Strega Restaurant Found Liable For Sexual Harassment
Strega Waterfront Restaurant Found Liable For Sexual Harassment Of Latina Employee
Low-Wage Worker Subjected to Sexual Proposals, Offensive Comments from Supervisor
In a case that demonstrates the continuing resonance of the #MeToo and #YoTambien movement for low-wage workers, the full Massachusetts Commission Against Discrimination (MCAD) affirmed a judgment in favor of a former kitchen employee who was sexually harassed while working at Strega Waterfront Restaurant in Boston. The order requires the upscale restaurant to “cease and desist from actions that create a sexually hostile work environment,” to undertake far-reaching reforms to protect workers from harassment, and to pay damages to the employee who was harassed.
In the fall of 2013, Luvina Hernandez began working on the dessert line of Strega Waterfront Restaurant, an Italian eatery in Boston’s Seaport District. Throughout her employment, she was subjected to offensive and inappropriate sexual comments from her direct supervisor, Salvatore Firicano, including asking her if she was a virgin and if her breasts were “real or . . . had been operated on.” Mr. Firicano also requested that Ms. Hernandez give him a massage. “I cried when I got home from work because of the constant abuse,” said Ms. Hernandez when discussing the MCAD ruling.
In September 2017, an MCAD hearing officer found Strega Restaurant, Mr. Firicano, and the Varano Group (Strega’s owner) liable for subjecting Ms. Hernandez to a sexually hostile work environment. The restaurant appealed that ruling to the full Commission of the MCAD, which today affirmed the ruling. In doing so, the MCAD found that the comments that Ms. Hernandez was subjected to were both “objectively offensive” and “personally offensive” to Ms. Hernandez, and that Mr. Firicano’s conduct “unreasonably interfered with Ms. Hernandez’s work performance.” The MCAD also rejected the restaurant’s attempt to raise issues of immigration status to undermine Ms. Hernandez’s testimony, holding that this line of attack was “rightly prohibited” by the hearing officer and would chill victims of discrimination from coming forward.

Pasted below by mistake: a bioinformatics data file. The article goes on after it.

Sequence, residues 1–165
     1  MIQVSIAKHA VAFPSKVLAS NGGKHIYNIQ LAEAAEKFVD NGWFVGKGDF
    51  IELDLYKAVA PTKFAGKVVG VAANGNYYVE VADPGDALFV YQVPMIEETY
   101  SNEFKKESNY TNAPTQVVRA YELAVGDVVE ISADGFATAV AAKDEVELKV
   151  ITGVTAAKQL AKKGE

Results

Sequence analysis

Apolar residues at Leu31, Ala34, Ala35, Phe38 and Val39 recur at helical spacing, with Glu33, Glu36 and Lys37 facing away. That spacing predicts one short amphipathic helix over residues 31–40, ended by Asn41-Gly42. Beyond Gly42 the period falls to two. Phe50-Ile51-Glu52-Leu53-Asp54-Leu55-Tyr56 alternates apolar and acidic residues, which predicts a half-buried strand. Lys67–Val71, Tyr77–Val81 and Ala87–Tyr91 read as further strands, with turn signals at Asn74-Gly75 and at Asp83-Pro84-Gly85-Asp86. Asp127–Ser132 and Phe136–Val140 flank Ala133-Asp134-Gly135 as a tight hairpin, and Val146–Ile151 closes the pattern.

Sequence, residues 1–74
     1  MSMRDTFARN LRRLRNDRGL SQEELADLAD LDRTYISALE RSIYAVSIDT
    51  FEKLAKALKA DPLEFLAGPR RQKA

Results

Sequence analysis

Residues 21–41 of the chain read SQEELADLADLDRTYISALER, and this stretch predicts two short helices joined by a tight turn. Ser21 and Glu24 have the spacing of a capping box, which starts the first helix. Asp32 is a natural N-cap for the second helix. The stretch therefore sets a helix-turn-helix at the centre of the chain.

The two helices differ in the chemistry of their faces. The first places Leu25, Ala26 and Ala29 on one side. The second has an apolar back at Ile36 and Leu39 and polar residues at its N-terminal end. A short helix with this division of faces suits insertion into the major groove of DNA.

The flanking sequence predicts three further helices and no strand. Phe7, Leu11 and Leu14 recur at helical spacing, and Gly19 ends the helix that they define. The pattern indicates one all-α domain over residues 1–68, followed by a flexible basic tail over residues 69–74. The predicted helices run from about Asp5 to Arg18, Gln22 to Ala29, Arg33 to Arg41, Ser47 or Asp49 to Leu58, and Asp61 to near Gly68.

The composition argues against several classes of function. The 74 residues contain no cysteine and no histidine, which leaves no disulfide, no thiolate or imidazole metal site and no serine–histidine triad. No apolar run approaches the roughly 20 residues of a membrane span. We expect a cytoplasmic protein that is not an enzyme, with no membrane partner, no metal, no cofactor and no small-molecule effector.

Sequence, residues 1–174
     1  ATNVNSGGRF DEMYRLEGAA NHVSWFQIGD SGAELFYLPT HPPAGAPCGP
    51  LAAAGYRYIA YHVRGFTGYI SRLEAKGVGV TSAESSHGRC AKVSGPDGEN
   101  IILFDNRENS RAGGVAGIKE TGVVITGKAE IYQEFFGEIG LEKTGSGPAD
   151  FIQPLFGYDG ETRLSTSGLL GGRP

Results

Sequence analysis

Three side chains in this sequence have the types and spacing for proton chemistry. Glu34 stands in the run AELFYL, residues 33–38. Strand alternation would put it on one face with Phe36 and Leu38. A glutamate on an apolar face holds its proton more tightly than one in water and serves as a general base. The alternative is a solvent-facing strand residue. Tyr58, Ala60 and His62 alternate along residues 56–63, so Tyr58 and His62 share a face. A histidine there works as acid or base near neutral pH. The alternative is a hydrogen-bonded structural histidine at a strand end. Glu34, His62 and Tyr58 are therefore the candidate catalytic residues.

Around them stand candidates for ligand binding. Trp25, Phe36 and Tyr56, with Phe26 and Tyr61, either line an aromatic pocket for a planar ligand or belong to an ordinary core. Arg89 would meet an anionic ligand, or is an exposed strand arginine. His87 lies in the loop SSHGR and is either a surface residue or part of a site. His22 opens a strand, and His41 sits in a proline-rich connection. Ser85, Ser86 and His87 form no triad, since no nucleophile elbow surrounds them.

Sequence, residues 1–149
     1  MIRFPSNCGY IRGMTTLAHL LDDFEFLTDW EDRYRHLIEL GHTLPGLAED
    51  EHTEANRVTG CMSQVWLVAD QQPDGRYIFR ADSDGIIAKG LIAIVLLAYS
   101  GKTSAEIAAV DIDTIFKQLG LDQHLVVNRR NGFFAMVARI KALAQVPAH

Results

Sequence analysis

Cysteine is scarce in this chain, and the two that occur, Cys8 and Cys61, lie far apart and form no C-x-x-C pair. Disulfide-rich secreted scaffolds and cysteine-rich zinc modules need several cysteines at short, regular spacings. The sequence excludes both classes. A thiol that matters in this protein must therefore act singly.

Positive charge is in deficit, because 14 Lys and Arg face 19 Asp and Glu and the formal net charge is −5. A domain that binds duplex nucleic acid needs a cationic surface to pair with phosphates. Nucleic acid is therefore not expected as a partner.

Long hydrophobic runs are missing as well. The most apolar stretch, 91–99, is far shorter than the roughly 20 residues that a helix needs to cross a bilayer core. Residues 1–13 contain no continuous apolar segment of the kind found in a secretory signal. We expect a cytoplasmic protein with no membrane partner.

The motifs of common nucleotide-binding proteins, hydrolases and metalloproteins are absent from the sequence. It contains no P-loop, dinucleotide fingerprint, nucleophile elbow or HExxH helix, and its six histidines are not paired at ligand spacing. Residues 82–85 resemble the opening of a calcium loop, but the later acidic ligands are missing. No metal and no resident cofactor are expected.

The MCAD ordered Strega to “cease and desist” from any actions that create a sexually hostile work environment, to institute a training program for its managers, and to implement a formal sexual harassment policy. It also affirmed an award of $20,000 in damages to Ms. Hernandez and ordered payment of attorneys’ fees.
“I hope this victory will inspire other women who have been victimized. I want them to know that they have rights,” said Ms. Hernandez.
Iván Espinoza-Madrigal, the Executive Director of Lawyers for Civil Rights noted that today’s ruling is part of the national #MeToo and #YoTambien movements that continue to play out across the country. “Low-wage workers have long been subjected to sexual harassment, but they are now speaking up. They are creating a powerful public backlash against sexual harassment. Businesses should not condone sexual harassment. Companies that try to defend this type of reprehensible conduct do so at their peril,” added Mr. Espinoza-Madrigal.
Ms. Hernandez is represented by the Lawyers for Civil Rights and the law firm of WilmerHale on a pro bono basis.
The decision is available here:Commonwealth-of-Massachusetts-11-13-20-DECISION